Review: Sao Paulo's SELVAGEM drop a masterful double sider for Universal Cave 004. "Tudo Bem" is sunny, soulful AOR bliss. A tribute to a favorite Brazilian musician and an update for contemporary rotation. "Luanda" is hypnotic, psychedelic tropicalia. Truly digging deep, SELVAGEM give Universal Cave a taste of the Forward Deep & Free sounds of Balnearico from Brazil. Balnearico is the fusion of balearic and "balneario," the Portuguese word that is synonymous with beach.
Review: First up: Tito Puente (AKA The Musical Pope) with an epic live version of "2001 Space Odyssey". Recorded at Carnegie Hall in 1974 it's never been pressed to 45 during its highly sought-after 41 years. Flip for the hard jazz sounds of Sahib Shihab and "Om Mani Padme Hum" is riddled with thundering percussion and lightening crack pianos. It has flutes so frenetic they'd make Ian Anderson blush and takes its name from an ancient Sanskrit word. Biblical business.
Review: Time for some Brazilian psychedelic boogie straight from 78. Erstwhile lead singer in Os Mutantes, with a personality thrice as big as the soaking wet bassline on "Agora E Moda", Rita Lee is no stranger to her motherland - even now. Flip for a huge soul injection courtesy of Pete Dunaway. Sounding English in every direction (from his name to his lyrics to the stunning, string-coated arrangement) he's actually Sao Paulo born and is a renowned multi-instrumentalist. Check this and you can tell in an instant. Stunning.
Sonia Santos - "Poema Ritmico Do Malandro (Balanco Do Crioulo)" (2:53)
Joao Donato - "Cala Boca Menino" (2:21)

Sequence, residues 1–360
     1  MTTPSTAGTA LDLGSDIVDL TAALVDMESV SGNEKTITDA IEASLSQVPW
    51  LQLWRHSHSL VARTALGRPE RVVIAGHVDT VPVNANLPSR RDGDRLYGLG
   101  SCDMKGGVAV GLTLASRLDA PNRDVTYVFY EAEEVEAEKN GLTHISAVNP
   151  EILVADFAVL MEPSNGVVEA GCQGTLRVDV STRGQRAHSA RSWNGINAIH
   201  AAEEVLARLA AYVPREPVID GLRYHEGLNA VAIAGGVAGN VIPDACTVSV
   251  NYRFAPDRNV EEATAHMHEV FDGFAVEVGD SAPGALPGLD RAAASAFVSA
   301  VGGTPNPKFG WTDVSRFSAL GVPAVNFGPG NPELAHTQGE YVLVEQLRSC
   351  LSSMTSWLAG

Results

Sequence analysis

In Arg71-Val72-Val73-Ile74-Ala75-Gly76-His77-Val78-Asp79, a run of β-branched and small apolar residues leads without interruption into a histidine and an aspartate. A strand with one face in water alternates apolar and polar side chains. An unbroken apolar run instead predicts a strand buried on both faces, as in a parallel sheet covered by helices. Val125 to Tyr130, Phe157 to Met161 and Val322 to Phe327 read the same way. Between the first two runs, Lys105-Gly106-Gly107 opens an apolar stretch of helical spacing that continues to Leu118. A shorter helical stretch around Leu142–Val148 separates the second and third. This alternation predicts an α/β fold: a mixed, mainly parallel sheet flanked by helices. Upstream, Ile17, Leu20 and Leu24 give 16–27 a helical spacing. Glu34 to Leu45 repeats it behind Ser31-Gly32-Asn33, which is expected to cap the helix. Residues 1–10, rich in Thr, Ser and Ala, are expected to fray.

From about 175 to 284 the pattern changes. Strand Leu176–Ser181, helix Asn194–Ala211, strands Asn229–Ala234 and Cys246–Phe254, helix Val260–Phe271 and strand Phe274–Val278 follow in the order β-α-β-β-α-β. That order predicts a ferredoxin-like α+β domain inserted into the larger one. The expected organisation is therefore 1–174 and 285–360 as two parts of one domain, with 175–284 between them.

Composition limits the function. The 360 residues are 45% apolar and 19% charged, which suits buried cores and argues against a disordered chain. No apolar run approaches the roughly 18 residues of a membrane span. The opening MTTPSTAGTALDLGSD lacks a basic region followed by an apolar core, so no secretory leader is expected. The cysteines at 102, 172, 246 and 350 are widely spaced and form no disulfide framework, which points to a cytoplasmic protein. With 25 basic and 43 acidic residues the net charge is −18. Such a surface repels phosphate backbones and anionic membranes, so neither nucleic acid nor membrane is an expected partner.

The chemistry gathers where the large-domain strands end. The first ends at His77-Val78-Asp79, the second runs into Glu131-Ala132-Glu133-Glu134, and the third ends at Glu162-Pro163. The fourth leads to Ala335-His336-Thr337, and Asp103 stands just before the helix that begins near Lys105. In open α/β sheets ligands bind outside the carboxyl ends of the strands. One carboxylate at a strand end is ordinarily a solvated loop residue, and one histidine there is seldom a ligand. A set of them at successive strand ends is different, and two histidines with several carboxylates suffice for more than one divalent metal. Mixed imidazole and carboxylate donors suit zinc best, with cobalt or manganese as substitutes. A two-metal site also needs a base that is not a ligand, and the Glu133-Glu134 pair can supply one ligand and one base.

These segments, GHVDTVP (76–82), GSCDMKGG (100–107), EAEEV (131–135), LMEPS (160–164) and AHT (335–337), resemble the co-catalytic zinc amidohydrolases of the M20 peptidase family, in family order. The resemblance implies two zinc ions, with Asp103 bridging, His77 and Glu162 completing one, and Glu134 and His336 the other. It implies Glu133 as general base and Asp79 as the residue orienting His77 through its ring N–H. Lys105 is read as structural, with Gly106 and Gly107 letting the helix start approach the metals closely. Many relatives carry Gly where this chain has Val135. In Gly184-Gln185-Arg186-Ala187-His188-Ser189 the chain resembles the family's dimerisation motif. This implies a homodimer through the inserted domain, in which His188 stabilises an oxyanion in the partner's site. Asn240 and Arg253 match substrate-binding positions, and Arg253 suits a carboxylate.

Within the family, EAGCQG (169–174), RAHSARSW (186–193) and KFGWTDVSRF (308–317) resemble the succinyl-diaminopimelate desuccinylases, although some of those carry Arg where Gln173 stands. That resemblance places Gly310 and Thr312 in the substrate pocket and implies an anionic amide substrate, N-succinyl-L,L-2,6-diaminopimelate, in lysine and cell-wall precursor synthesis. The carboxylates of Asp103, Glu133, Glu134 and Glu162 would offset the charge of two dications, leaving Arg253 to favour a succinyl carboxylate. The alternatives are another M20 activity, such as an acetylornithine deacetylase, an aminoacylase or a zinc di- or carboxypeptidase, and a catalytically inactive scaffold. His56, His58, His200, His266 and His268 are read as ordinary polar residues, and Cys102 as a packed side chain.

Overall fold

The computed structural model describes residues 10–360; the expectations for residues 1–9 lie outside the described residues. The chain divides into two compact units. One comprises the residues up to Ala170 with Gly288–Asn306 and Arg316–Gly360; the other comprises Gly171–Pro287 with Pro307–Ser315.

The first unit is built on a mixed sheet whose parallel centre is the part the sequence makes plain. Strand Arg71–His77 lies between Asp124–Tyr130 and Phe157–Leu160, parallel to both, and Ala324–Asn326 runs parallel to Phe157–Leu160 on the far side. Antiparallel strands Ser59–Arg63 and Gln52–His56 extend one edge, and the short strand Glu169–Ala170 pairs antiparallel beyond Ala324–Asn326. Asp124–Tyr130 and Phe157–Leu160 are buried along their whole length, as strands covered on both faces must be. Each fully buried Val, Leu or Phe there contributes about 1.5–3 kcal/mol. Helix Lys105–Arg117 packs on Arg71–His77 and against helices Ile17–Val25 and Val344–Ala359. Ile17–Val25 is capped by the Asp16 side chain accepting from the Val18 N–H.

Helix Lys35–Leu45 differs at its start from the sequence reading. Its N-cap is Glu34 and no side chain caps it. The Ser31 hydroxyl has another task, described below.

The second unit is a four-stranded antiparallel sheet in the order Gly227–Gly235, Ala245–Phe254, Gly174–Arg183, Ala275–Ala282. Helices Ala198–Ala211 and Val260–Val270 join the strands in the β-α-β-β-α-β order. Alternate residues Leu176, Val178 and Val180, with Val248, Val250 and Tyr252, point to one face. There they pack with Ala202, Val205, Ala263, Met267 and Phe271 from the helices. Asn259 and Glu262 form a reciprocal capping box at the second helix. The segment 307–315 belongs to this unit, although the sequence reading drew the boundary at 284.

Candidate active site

Review: Killer samba from the Mr Bongo crew here on the 23rd edition of their ever impressive Brazil 45s series. Any samba scholar worth their salt will be familiar with Sonia Santos's wondrously psychedelic "Poema Ritmico Do Malandro (Balanco Do Crioulo)", which was originally released back in 1971 on the Copablanca label and has popped up every now and again on compilations. Drop this in the dance and watch it go crazy! On the flip Mr Bongo dig up the horn heavy funk jammer "Cala Boca Menino" from Joao Donato, a hugely talented pianist, singer and composer whose vast discography is worth further investigation!
Review: Brazil 45s hit the quarter century in their run and show no sign of stopping. It's an all-girl affair on this one as two hugely popular and prolific singers take a spin under Mr Bongo's spotlight. Elizabeth (often known as Elizete) lays down a steamy samba flavour that gets raunchier as the track develops. Elza, meanwhile, gets busy on a Bossa tip as a carnival of percussion and horns go toe-to-toe with her sharp, sexy staccato vocals. Powerful.
Review: The UK's Mr Bongo has been reissuing old music and putting out new tunes since the late 1980's, and the label is still going strong in 2015. This latest 7" features two of Ethiopia's greatest musicians, Alemayehu Eshete and Mahmoud Ahmed, in a head to head, split EP. On the A-side, Mr Bongo has resurfaced Eshete's "Tchero Adari Negn", a supremely funky piece with the man's own voice gliding effortlessly over hard drums and fuzy guitar riffs; "Bemim Sebeb Litlash" goes deeper and more psychedelic on the flip, and Ahmed's voice is a pleasure as always. Check their other material on Mississippi for a broader introspective.
Review: Awesome Tapes From Africa surely scored one of the best reissues this year with the vinyl and CD edition of Obaa Sima, a quite startling album from Ghanaian musician Ata Kak that covered highlife, rap, pop, and more. The fact the discovery of the original tape was ATFA founder's Brian Shimkovitz original reason for starting the label made it all the more special. With copies of that album no longer in press, Awesome Tapes From Africa have tempered demand with a series of 12" releases featuring cuts from Obaa Sima. Here the title track makes the transition, pressed nice and loud at 45rpm (do try it at 33 too for a different vibe), whilst the slower electro funk-edged bliss of "Adagya" lines the B-side.